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Durham e-Theses
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Reconstructing the evolutionary history of the seabird order Procellariiformes

LEVY, MAX,ANTONY (2023) Reconstructing the evolutionary history of the seabird order Procellariiformes. Doctoral thesis, Durham University.

Full text not available from this repository.
Author-imposed embargo until 17 April 2025.


The seabird order Procellariiformes, comprising the albatrosses, storm-petrels, petrels, and shearwaters, are the truly oceanic birds of the world, spending most of their lives at sea and returning to land only to breed. Despite the constraints of life in the inhospitable marine ecosystem, Procellariiformes are remarkably diverse in morphology, ecology, and life history. The order is amongst the most threatened of all bird groups, facing a range of threats at sea and at breeding colonies. Despite the intriguing diversity presented and imminent conservation concern, a modern phylogenetic hypothesis for the evolution of Procellariiformes has not yet emerged. This thesis aimed to address this by applying a dataset of thousands of genome-wide markers to a taxonomically comprehensive sample set to investigate the evolutionary history and systematics of Procellariiformes. The evolutionary relationships among species, subspecies, and populations were resolved to a fine scale with few areas of conflict, allowing new taxonomic insights. As part of the phylogenetic process, marker selection and filtering techniques have become critical, yet highly debated, steps. With growing evidence of the important roles of sex chromosomes in divergence and speciation in a wide variety of taxa, the novel genome-wide dataset was used to investigate the utility of sex-linked loci in phylogenetic reconstruction of Procellariiformes, with valuable insights for further work employing similar methods. In addition to the nuclear genome, the evolution of the mitochondrial genome in Procellariiformes was investigated, with particular relevance to the rearrangements and duplications that have been identified in birds and other animals. Mitogenomic duplications were common across Procellariiformes, with an ancient origin inferred that offers insights into this trait across bird evolution. The phylogeny presented in this thesis provides a useful resource for defining relationships in conservation management of Procellariiformes, and an evolutionary context for further comparative exploration of this remarkable order of birds.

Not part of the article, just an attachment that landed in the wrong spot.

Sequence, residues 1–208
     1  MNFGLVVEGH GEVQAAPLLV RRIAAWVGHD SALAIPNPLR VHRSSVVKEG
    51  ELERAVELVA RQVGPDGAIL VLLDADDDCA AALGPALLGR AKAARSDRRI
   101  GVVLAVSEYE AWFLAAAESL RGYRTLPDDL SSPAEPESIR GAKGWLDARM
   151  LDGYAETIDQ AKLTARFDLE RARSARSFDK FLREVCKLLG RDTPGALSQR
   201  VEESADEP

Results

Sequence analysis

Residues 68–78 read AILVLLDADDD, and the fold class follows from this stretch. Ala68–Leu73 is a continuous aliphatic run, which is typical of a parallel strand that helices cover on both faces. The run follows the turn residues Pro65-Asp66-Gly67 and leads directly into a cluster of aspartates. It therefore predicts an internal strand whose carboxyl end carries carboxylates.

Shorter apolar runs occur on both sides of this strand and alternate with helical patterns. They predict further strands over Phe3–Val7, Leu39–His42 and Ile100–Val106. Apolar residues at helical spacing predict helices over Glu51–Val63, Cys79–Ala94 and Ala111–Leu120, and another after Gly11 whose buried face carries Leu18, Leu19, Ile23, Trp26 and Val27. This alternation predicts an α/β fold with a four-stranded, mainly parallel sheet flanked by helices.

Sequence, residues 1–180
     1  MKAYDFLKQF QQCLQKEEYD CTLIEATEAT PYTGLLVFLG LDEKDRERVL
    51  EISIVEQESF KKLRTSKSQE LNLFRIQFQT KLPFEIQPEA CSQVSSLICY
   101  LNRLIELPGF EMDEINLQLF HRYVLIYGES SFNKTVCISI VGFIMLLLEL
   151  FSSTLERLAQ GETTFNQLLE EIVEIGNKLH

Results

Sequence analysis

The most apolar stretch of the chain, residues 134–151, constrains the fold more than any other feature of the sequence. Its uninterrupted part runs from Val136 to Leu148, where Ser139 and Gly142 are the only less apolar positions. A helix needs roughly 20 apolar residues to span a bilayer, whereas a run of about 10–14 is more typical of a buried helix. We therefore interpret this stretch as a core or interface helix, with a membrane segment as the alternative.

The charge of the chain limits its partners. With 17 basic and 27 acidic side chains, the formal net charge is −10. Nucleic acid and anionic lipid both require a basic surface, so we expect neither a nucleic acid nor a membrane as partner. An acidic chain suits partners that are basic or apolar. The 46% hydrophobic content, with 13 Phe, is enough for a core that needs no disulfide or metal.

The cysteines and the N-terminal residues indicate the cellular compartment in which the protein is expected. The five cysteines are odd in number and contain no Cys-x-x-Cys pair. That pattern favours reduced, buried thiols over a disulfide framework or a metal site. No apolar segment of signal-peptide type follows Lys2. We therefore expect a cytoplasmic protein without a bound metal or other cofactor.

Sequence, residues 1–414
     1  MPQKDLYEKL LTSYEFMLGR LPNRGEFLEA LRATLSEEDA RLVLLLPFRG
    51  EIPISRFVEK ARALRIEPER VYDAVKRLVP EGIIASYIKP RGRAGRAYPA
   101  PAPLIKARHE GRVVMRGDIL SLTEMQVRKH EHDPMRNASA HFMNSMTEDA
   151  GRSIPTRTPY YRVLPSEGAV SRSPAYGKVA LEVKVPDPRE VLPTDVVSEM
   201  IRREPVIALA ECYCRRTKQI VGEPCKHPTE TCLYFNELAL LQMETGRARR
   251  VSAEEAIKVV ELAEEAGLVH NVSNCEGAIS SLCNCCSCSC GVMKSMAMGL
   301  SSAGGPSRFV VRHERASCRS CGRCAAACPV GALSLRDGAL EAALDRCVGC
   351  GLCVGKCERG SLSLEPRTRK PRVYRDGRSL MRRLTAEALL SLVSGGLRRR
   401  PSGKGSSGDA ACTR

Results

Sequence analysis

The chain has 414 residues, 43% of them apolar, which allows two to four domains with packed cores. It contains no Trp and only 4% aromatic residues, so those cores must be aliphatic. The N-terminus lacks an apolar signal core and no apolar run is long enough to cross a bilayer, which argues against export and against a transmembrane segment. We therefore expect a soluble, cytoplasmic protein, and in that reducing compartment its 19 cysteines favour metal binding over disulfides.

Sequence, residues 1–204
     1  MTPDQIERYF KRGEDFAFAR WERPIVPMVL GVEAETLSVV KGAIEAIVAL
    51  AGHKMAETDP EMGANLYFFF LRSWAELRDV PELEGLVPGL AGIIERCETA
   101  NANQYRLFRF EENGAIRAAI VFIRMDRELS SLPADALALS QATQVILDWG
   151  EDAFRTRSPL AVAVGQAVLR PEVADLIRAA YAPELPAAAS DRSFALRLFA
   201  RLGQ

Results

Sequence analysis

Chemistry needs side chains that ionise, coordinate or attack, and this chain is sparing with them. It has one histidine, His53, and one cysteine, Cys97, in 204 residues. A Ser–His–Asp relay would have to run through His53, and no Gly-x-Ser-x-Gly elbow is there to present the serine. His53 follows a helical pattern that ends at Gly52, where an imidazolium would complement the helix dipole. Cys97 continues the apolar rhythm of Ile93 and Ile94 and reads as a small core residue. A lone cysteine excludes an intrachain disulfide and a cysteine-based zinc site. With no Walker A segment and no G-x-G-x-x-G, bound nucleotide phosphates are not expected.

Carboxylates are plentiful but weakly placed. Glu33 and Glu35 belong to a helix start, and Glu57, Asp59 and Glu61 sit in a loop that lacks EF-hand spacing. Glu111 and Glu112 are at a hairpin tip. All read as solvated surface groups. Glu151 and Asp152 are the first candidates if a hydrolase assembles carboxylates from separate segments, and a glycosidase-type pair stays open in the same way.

Item Type:Thesis (Doctoral)
Award:Doctor of Philosophy
Faculty and Department:Faculty of Science > Biological and Biomedical Sciences, School of
Thesis Date:2023
Copyright:Copyright of this thesis is held by the author
Deposited On:18 Apr 2024 09:15

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